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Günther Dankl | Sabine Groschup - The Hidden

Sabine Groschup is an extremely versatile artist, who feels at home in many artistic fields, be it film, visual arts or literature. Above all, she is an artist who loves to tell stories – something that becomes primarily evident in her literature work and animated films but can also be found in her visual art. She has presented her work in public in a series of group as well as in solo exhibitions.

Her exhibition "The Hidden" reflects Sabine Groschup's versatility: Three separate parts, being in relation to and blending into one another, serve as a manifestation of Groschup's principle of a cross-media use of the exhibition room: She uses a video installation, one object and eleven embroidered items via video stills on Molino canvas.

The exhibition's title invites the visitor to discuss the motifs of the hidden and the concealed but Sabine Groschup also plays with the visitor's expectations by illustrating these themes in her works on a visual and, also, on an acoustic level. When entering the room, we are immediately confronted with a floor-length and constantly moving Molino canvas that is diagonally placed across the room. A video is projected onto this canvas, showing various warehouse or depot rooms filled with objects that are covered in fabrics. We sometimes see bits and pieces of these objects, but we can only catch a glimpse as they quickly disappear again behind the fabrics. These moments are too short for us to grasp what objects and items are hiding underneath. The room itself presents itself in a similar way as we can never perceive its total entity but rather experience it from the perspective of the covered items. Being outsiders, we would like to know what is concealed by these fabric sculptures; at the same time, however, we seem to be inside the objects, looking at the world through the fabrics. Inner and outer aspects, concealed and disclosed items, clearly visible and shadowy things blend into each other and, at the same time, form an entity that is accentuated by the sounds of the camera and a fan that is installed behind the canvas. Due to this fan, the canvas is constantly floating and so we get a sneak peek at the world behind – if only for a split of a second. Playing with these hidden elements, Sabine Groschup deliberately underlines the voyeuristic tendencies of her visitors.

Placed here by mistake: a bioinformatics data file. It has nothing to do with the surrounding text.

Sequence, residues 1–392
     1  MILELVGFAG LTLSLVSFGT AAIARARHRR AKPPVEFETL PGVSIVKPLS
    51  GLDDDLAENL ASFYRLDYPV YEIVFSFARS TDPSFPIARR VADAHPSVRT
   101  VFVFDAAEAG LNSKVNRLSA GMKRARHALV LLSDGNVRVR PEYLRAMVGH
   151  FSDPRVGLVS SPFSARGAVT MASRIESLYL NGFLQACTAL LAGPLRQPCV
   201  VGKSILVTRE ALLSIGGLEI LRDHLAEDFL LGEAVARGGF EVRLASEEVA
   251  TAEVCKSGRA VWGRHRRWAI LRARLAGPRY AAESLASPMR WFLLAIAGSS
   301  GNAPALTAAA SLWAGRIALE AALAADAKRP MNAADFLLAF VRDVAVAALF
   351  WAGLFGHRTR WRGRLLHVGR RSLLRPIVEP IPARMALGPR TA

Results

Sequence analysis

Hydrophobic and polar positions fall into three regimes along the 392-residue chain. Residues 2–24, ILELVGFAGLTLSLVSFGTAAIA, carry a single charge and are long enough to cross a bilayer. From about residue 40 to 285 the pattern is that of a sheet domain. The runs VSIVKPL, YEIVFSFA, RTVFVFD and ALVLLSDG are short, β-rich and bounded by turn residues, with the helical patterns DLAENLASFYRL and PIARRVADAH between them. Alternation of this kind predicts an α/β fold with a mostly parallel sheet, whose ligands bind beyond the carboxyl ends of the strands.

In this installation, called "When Molino Catches the Wind", the artist – who studied architecture with Wilhelm Holzbauer and painting and film with Maria Lassing from 1978 to 1988 – plays with contexts taken from the history of film as well as with purely formal and spatial conditions. She takes inspiration from the thriller and horror genre where suspension is often created by use of covered pieces of furniture, floating fabrics or long almost infinite camera shots in narrow hallways. At the same time, the artists uses her camera to create new spaces and images by playing with light and shadow and so visually and formally illustrates the suspension resulting from the camera shot.

The playful approach of "When Molino Catches the Wind", in which Groschup plays with the visitor's expectation, is continued in her series "The Hidden #1-11", in which the artist combines video stills from her central work with embroidered elements of various motors, plugs or other technical parts that are placed onto a washed and used Molino canvas. Motors are usually associated with dynamic and speed, dirt and pollution. But as the motors are only embroidered, the association is reversed and we rather think of comfort, bourgeoisie, tidiness and happiness. This embroidery was skilfully applied onto the canvas stitch by stitch; an approach that contradicts the autonomous element of art and adds a certain sense of humour and poetry to Sabine Groschup's work. The embroidered motors are put onto the printed Molino as if they were precious jewels, directing the visitor's curiosity to the elements concealed behind.

The visitor is confronted with another work, Groschup's mixed media installation "Komischer Vogel im Käfig sing (Weird Birdie in the Cage, Sing)", places in the gallery's two windows that are facing the street and are separated by the entrance door. An old bird cage is put into one of the windows; instead of a bird, a handmade cushion with a "Technics"-speaker embroidered onto it has been placed in the cage. What we do not see at first is the small camera sewn into the speaker that records every visitor examining the cage. This picture of the visitor "behind bars" is then transmitted to a monitor installed into the second window, but can never be seen by the visitor himself. The item therefore creates a link to the modern police state, a reminiscence of Nam June Paik's famous installation "Cage in Cage": In the 1990s, Paik made several versions of this work that was designed as homage to John Cage; Groschup herself took lessons with Paik at the Düsseldorfer Kunstakademie where she was a visiting student in 1984. Sabine Groschup's second solo exhibition at Michaela Stock's gallery shall be perceived as a stringent and coherent entity emphasizing hidden, concealed and unexpected elements both in her work and in the visitor. The artist visualizes aspects which we can otherwise only assume or guess by letting her art move, flow and unite on many different levels - she does so not only in terms of content, but further includes the visitor into the tense interplay between the sudden and the unexpected.

 

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